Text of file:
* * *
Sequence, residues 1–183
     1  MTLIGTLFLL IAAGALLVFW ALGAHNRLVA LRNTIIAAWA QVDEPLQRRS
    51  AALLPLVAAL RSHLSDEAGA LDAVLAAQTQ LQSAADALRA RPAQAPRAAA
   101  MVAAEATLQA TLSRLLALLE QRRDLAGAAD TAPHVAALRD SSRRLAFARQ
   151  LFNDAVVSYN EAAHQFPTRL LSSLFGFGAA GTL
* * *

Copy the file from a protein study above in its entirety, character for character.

Sequence, residues 1–183
     1  MTLIGTLFLL IAAGALLVFW ALGAHNRLVA LRNTIIAAWA QVDEPLQRRS
    51  AALLPLVAAL RSHLSDEAGA LDAVLAAQTQ LQSAADALRA RPAQAPRAAA
   101  MVAAEATLQA TLSRLLALLE QRRDLAGAAD TAPHVAALRD SSRRLAFARQ
   151  LFNDAVVSYN EAAHQFPTRL LSSLFGFGAA GTL